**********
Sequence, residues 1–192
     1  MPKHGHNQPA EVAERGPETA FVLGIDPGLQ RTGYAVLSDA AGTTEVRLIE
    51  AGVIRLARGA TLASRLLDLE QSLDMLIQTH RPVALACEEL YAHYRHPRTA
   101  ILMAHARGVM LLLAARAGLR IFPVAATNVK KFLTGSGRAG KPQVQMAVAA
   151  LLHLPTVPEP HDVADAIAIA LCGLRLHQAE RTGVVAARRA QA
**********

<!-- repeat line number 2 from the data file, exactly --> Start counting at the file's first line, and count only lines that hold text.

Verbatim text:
     1  MPKHGHNQPA EVAERGPETA FVLGIDPGLQ RTGYAVLSDA AGTTEVRLIE